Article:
If almost all books were $9.99, that “comparison positive” disappears. Maybe then the 1.74 multiplier would apply to books at $7.99 versus books at $9.99, although I doubt it would be that high. I do think there is a psychological impact with books priced under $10 versus $10 or higher (we certainly saw that in my store), but I think the 1.74 multiplier wouldn’t be reliable if all books came down in price.
Again, these are observations of the e-mail, not of the position. I think the e-mail, which they knew would be seen by readers in addition to the authors/small publishers to which it was sent (Amazon posted it themselves at “Readers United” ((which has an e-mail address at Amazon.com)), and in fact, addressed it to readers rather than authors at that site) to manipulate readers and authors into pressuring Hachette.
That’s the part I don’t like.
To reiterate, I think Amazon’s Kindle has been wonderful for book culture. I think more people are reading books, including the classics, because of it. I think books are more accessible, and are able to be published by more people giving us a greater variety.
Here’s my best guess for the future:
- Authors will increasingly control the distribution of their books, not needing the tradpubs’ “machinery” to get a book out there, both in terms of distribution and discovery. We’ll see more brand name authors independently publishing some of their work. It’s possible that an author collective might be part of it. Indie authors will see a relatively golden age, in the beginning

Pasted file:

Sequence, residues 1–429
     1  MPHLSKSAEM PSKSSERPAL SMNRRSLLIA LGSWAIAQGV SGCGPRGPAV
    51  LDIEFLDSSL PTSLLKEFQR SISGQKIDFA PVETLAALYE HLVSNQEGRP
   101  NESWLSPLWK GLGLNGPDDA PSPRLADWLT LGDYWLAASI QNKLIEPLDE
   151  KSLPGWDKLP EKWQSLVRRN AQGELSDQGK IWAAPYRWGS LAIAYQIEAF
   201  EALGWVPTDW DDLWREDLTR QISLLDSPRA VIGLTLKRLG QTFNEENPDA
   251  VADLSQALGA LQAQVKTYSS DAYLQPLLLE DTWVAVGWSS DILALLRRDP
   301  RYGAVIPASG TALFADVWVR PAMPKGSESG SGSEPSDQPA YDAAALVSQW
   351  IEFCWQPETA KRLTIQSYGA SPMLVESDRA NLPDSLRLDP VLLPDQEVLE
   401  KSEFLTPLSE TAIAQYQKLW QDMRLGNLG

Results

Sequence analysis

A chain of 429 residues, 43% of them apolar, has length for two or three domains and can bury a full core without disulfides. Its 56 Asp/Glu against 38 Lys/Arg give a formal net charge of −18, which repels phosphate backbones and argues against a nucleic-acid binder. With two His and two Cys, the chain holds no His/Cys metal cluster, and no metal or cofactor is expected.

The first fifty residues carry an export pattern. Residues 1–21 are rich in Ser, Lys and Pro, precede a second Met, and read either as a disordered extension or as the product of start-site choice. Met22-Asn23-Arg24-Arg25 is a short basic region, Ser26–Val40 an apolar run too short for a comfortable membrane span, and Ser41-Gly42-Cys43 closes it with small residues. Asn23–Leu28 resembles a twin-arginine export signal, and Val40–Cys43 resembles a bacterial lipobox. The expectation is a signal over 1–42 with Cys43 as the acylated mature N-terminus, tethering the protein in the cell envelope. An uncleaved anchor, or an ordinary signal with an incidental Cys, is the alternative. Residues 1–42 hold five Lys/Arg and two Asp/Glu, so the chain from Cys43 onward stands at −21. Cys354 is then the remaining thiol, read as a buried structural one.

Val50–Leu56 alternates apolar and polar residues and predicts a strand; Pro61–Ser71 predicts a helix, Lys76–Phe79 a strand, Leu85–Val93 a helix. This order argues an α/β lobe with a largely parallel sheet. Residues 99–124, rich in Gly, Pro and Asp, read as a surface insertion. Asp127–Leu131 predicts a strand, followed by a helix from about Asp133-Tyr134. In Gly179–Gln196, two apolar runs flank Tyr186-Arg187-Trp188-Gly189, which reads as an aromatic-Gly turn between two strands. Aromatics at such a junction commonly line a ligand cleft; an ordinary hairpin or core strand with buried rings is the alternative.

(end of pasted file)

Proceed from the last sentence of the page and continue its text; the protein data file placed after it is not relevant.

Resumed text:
- Tradpubs will figure out alternate distribution channels, although they won’t be as effective as Amazon is right now. Some of that will be direct selling from the publisher to the reader…they have to solve the discovery issue first. I think it will be a mix, with some tradpub titles at Amazon, some through other channels. I’ve mentioned that I think we might see “ancillary” and non-canonical works in Kindle Unlimited from the tradpubs (short story prequels, sequels, and sidequels ((a term I use for works set in the same universe, but not in sequence or focusing on the same characters)), reference works, and so on), and the main series (which requires less discovery) sold through alternate channels
- Amazon will do fine. I wrote recently about how they could improve contextual linking, but Amazon will continue to make it easier for us to buy books. The books are not going to be their profit drivers, but I expect them to be part of the strategy
- Readers will benefit from these changes. We’ll have more books for less money
As requested, now you have my opinion and analysis. I look forward to more of your comments on this issue.